Tom McDonald

It’s being declared often these days. There’s even a book pushing the notion in its title: “America is a Christian nation.”

To which I ask: Which Christian?

Which version of Christianity are we talking about, the conservative Christian nationalists or the liberal Christian internationalists? They may share the “Christian” moniker, but they are, in reality, two separate religions.

In some Christian churches, there’s a civil war going on. New Mexico’s largest Christian denomination, the Catholic church, is becoming more deeply divided each day, with left-leaning Catholics putting social justice issues at the top of their faith-in-action agenda, while their counterparts on the right are singularly vested in one issue above all others — abortion, which they view as murder. That’s why there are so many conservative Catholics who disdain their fellow Catholic, the pro-choice Joe Biden.

The fact is, most Americans don’t belong to a church anymore. A Gallop poll last year found, for the first time in its history of polling, more American are unaffiliated with a church, mosque or synagogue. So even if you (falsely) contend this nation was built by and for Christians, you should at least admit that we’re not a Christian nation anymore. Even if you count both the conservative and liberal Christians as members of one religion, “other” is still the majority.

Count this preacher’s kid among those who left the church. My father was a United Methodist minister his entire adult life, but it wasn’t his faith that drove me away. Until the day he died, I admired his faith because it made him a better man. He felt called to love everyone, and he did. He didn’t judge people, nor did he believe in Hell — that’s something we create for ourselves, I heard him say, God would never punish us in such a way. In other words, God is a loving God, so there’s no such thing as eternal damnation.

He often said he didn’t believe in “scaring the hell out of people.” Rather, he believed in “loving the hell out of people,” and he did his best to live that way.

Now, does that sound like something a conservative Christian nationalist would say? “Yes, but …” would be as close to that kind of believer would get to saying such a thing. For a lot of evangelicals, the concept of Hell must be part of the conversation experience, because fearing God is an effective way to convert guilt-ridden sinners.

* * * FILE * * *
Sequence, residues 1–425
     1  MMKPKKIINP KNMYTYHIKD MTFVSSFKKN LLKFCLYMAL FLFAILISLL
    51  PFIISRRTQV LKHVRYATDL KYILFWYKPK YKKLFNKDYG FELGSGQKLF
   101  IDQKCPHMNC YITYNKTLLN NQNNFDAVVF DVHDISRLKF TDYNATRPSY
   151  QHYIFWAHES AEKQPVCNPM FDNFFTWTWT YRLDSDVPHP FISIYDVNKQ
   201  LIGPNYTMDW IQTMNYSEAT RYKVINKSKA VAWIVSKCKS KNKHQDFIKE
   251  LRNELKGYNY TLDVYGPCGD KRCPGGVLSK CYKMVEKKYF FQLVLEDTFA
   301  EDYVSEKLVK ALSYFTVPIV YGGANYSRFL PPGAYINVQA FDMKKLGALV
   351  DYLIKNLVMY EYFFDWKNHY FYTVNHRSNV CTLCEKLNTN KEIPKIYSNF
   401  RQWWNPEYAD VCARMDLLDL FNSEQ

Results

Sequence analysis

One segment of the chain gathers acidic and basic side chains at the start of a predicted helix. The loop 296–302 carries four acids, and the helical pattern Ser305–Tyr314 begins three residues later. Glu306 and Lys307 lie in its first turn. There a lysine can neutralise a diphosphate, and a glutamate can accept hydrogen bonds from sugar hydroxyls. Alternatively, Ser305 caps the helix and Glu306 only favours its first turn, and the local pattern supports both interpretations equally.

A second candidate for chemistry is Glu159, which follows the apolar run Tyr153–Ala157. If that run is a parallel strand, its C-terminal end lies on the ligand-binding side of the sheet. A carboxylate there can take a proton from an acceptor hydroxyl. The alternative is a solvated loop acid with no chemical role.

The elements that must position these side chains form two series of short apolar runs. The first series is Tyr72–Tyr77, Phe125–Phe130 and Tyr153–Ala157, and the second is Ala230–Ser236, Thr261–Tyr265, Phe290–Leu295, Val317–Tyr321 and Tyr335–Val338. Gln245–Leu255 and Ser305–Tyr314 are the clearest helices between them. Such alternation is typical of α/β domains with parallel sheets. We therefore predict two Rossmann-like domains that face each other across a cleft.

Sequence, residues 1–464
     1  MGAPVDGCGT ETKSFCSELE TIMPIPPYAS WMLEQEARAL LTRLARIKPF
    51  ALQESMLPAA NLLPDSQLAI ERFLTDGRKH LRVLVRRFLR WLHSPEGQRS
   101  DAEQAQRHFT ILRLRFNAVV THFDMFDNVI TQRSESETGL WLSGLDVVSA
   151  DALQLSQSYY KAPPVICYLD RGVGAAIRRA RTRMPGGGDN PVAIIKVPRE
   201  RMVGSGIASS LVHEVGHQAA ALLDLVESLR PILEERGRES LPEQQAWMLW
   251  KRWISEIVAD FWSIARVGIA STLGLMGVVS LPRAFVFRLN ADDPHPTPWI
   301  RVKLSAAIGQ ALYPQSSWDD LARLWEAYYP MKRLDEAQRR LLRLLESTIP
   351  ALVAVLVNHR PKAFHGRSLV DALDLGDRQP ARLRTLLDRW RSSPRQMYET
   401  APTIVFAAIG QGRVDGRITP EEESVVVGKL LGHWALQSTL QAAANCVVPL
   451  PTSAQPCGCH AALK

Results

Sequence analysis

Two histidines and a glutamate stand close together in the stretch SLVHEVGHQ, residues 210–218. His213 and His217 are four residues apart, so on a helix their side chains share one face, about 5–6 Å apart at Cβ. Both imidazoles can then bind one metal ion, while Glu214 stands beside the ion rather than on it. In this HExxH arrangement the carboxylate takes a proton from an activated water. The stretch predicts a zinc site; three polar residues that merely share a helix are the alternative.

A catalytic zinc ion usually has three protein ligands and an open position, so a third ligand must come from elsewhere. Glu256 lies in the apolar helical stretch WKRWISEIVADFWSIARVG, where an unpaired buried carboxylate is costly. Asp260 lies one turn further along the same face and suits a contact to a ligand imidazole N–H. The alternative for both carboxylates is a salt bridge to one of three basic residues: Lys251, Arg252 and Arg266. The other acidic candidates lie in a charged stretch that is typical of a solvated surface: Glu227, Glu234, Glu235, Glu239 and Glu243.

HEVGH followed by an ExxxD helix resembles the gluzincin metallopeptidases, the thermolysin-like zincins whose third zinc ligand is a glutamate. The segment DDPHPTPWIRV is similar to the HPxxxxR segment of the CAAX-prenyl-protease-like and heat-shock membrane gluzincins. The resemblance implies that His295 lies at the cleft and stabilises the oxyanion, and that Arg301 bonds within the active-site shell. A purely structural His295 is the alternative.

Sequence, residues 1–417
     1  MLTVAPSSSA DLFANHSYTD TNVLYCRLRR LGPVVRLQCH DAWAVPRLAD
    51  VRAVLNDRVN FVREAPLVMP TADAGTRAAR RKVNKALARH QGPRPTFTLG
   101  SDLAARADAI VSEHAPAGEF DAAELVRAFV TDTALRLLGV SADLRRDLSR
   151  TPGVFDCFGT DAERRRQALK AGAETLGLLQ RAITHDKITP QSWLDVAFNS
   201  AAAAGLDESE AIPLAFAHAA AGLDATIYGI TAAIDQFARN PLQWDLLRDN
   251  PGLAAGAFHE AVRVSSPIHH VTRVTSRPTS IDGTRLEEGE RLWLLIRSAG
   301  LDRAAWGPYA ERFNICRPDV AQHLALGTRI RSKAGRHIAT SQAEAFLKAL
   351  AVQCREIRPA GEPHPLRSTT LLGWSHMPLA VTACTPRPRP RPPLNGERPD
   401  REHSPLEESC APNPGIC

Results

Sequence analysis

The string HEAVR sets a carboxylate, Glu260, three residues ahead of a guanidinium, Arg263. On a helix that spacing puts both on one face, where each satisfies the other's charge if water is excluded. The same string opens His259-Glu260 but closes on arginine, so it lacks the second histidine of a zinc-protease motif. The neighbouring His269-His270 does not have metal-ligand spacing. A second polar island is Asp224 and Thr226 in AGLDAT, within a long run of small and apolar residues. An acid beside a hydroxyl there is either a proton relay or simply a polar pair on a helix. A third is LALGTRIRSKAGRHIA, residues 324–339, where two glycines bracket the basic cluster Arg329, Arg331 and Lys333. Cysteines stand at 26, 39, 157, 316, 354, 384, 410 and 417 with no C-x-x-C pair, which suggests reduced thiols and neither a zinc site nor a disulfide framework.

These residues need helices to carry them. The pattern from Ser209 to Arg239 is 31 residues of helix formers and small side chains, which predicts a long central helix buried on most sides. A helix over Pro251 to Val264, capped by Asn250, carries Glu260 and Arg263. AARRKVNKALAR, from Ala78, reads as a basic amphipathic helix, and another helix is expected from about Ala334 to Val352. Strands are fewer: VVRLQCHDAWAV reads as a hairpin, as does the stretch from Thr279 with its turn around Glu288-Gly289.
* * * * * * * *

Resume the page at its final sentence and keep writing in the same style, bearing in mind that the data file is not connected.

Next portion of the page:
That’s why I don’t see one Christian faith on the American landscape. My father had more in common with a truth-seeking atheist than he did with a judgmental evangelist. And yet, amazingly, he loved both.

That’s why I’ve never stopped admiring his faith — and my mother’s, for that matter. They were grounded in a faith that made them better people. You don’t see that often among the other side of Christianity; mostly, they believe it’s their way or the highway.

As for Christianity’s sacred text, the Bible, it supports both sides of this religious schism. It’s not a single book, it’s a library, and if you want to find justification for pretty much anything, somewhere there’s a verse waiting for your biased interpretation. Even among those who claim to take the Bible literally, there are disagreements. “Thou Shalt Not Kill” seems like a straightforward commandment, and yet it’s still a matter of interpretation as to when it applies and when it doesn’t.

Of course, every Christian doesn’t fall neatly into the conservative or the liberal side of this religion. There are the not-gonna-judge-you conservative Christians, the moderate mainline Christians, the absentee and Sunday-only Christians, the liberation theology Christians and many others who still apply free-thinking to their faiths.

I wonder how many are like me — absent from any particular house of worship but a believer that love is the most powerful force on earth, and that God is Love. I still pray, but not according to the rules of any kind of religion, but because I still believe, as my parents taught me, that it’s good for the soul.

And whenever I’m ready to give up on Christianity altogether, I remember how my parents became better people because of their Christian faith.

Now that’s the kind of Christianity we need more of. The inclusive kind, the loving kind. Unfortunately, however, that’s only part of the equation in this divided nation in which we live.


Tom McDonald is founder of the New Mexico Community News Exchange, which distributes this column statewide. He’s also editor and publisher of the Guadalupe County Communicator in Santa Rosa. He can be reached at

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